In the heat of World War II, as millions perished to defend the cause of global freedom and democracy, an insidious rash of war crimes were occurring undeterred in plain sight. In the midst of war's insanity, many brave young men committed heinous acts they would likely find unimaginable in more civilized settings. Not surprisingly, most of these incidents were never investigated or prosecuted; they were generally portrayed as one of the regrettable byproducts of an ugly war. War Crimes of the Liberators examines this uncomfortable line between the gallant and venal.
On June 6, 1944, a slow march up a French beach became one of the most ambitious and heroic assaults in the history of war. D-Day is remembered as a turning point in the Second World War, and as one of the proudest examples of combat valor in military history. According to the historians profiled in the film, war atrocities were occurring almost from the moment the allied forces began to storm the beach. In a breach of international conventions, many German prisoners were not taken into custody as is customary, but shot on sight. Sexual assaults were also a common occurrence. These types of mass executions and other atrocities were reported to have taken place on all sides of the war.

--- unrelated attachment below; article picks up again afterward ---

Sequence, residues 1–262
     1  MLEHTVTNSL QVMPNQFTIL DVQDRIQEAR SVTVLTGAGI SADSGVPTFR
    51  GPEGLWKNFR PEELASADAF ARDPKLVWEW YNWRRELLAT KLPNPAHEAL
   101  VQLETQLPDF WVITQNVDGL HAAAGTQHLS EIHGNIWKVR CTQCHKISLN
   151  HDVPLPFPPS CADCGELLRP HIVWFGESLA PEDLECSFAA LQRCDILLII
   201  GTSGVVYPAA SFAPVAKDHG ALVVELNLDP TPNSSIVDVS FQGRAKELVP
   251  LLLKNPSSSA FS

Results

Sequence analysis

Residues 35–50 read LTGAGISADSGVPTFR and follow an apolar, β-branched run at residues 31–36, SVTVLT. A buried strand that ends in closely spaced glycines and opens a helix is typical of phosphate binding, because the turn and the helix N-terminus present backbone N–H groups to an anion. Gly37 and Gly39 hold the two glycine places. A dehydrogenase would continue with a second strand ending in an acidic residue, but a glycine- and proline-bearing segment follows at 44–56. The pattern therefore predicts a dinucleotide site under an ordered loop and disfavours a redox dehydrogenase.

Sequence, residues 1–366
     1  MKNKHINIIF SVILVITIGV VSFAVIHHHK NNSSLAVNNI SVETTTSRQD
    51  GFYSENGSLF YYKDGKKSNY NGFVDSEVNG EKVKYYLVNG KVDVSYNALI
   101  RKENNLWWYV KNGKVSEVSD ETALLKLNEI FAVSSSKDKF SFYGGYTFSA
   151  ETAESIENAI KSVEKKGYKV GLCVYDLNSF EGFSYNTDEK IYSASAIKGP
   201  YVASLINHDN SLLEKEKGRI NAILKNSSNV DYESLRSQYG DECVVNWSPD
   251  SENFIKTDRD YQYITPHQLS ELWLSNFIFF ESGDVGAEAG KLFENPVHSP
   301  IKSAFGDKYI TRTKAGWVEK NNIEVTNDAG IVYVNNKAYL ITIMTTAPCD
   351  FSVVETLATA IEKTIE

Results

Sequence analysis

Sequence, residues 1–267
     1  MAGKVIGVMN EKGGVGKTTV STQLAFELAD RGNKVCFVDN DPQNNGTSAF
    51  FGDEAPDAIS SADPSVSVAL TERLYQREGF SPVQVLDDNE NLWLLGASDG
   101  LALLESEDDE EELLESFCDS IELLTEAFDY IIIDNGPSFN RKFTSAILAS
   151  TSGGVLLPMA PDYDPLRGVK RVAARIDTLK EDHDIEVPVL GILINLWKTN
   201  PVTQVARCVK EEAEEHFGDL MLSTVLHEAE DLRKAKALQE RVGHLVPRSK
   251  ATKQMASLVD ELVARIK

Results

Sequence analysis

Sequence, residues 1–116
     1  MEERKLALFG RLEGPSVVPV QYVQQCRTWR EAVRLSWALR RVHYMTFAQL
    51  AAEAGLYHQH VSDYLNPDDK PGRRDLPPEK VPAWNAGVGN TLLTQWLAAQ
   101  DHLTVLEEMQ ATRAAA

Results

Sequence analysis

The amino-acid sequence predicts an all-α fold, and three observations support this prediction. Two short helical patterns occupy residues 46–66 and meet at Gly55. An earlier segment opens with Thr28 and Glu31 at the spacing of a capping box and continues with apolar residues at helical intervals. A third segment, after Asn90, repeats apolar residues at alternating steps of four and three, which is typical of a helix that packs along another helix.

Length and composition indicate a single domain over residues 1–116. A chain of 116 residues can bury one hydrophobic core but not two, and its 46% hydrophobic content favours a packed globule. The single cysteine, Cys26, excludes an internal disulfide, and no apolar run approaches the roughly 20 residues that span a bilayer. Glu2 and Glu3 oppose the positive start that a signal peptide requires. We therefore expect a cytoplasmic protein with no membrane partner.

Complimented by absorbing narration and newsreel footage, the film delves into the psychology of war, and the decayed morality that results from prolonged exposure to bloodshed and untempered aggression. Some of these acts were influenced by the pressures of conformity, while others were triggered by an all-too-human thirst for vengeance. War is a catalyst that can bring out the best - and worst - of its players.
One of the film's main points of focus is the culpability of military leadership, and their seeming indifference to such atrocities. In refusing to report, investigate or prosecute most of these incidents, military institutions failed to deter them from occurring.
War Crimes of the Liberators calls upon previously unpublished documents, raw testimonials from soldiers who stood on the front line, and insights from a panel of assorted researchers and historians to inform its challenging and tragic narrative.
Directed by: Annette Harlfinger, Michael Renz